Mohinder has a lot to say about the way the children of Ethiopia suffered through no fault of theirs. Over the years Mohinder affectionately known as Mo has made a lot of sponsorship appeals working with Hollywood stars on behalf of children all over the world, drawing attention to the desperate plight of children of Africa and the rest of the world, including the Far East.

Mo admits that he suffers emotionally himself by being continuously exposed to the dire poverty and never ending sufferance where children are dying like flies with parents crying their eyes out. Mo sometimes did not feel eating himself out of guilt conscience and during the night recalling day’s images of children with death in their eyes haunted him. Being devoted to the humanitarian cause, he carried on shooting continuously knowing his films would make a difference in improving the plight of innocent children, putting aside his own personal feelings.

Mohinder Dhillon

Mo is nurturing his old and new injuries which occurred whilst pursuing his profession seriously and fearlessly. His son, Sam Dhillon has more or less fitted into the big shoes of his father and intends to carry on with humanitarian work with the same passion as his father. Mohinder is very proud of Sam’s professional skills plus his personal character, full of compassion and a strong drive to excel. Father & son team run an upcoming company “Africapix Media Ltd”, filming round the world

Mohinder was also invited to ITN (ITV) News to attend their 50th Anniversary Party in September at the Royal Opera House in London where he was an honoured guest having represented ITN mostly in East Africa and Middle East since 1964. He met some old friends he had not seen for over 35 years especially Britain’s Top Rated TV journalist and Presenter of Channel 4 News, Jon Snow. In their heydays the Dhillon/Snow team would never hesitate to risk their neck under any circumstances, and were branded by colleagues as “The Death Wish Team” that would reach great heights, if they stayed alive!!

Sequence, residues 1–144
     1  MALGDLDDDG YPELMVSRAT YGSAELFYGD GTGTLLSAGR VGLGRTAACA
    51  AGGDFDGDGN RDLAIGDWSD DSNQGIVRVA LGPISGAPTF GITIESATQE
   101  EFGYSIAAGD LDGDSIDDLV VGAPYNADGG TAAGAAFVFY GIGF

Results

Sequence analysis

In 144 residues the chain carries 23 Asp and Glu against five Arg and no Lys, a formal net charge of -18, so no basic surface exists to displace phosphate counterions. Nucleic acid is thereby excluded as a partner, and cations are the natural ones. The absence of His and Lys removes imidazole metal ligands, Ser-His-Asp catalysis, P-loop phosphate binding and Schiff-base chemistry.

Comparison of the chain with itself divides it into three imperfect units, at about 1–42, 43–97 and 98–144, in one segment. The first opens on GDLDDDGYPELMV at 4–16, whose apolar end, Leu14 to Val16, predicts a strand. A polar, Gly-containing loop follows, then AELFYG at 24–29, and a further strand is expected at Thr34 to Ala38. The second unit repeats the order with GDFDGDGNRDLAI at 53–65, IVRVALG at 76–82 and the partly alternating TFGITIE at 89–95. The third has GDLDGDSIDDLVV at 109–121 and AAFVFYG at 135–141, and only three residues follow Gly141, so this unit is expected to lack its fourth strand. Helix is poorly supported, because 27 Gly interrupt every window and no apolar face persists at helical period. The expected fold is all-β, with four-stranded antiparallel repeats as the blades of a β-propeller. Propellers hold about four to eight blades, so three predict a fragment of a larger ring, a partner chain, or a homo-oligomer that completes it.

Mohinder comes from a very humble background, born in a small village in Punjab, India where he obtained junior school education and a bit more at the Duke of Gloucester School, previously Govt Indian High School, Nairobi. Mohinder arrived to Kenya in 1947 as a young boy to follow his father the late Mr. Tek Singh who worked for E.A. Railways and Harbours for 29 years. Mr. Tek Singh was one of the leading pioneers of the sport of hockey in Kenya and was a very active social worker and a highly respected human being. Mohinder’s younger brother Joginder represented Kenya in the first Kenyan Olympic hockey team in Melbourne in 1956. He still plays veteran hockey and is a medical practitioner in U.K, and recognized Sports Doctor helping in events like Olympics and Commonwealth Games. He hopes to bring in a veteran hockey team to Kenya next year to celebrate the 50th Anniversary of the first Kenyan Olympic hockey team.


Read more about Mohinder Dhillon in 'Mo Stories'..Click here



for another Ex-Kenyan - Bhupinder Singh Liddar

Minister of Foreign Affairs Pierre Pettigrew today announced the appointment of Bhupinder S. Liddar as Deputy Permanent Representative of Canada to the United Nations Environment Programme (UNEP) and to the United Nations Human Settlements Programme (UN-Habitat) in Nairobi, Kenya.

The Deputy Permanent Representative to UNEP represents Canada's views and policies to the Committee of Permanent Representatives, its sub-committees and to the management of the organization. The Deputy Permanent Representative provides strategic and tactical policy analysis and advice on the advancement of Canadian foreign policy and environmental objectives within the UNEP on such issues as conservation of biodiversity, restoring the ozone layer, and water and sanitation for development.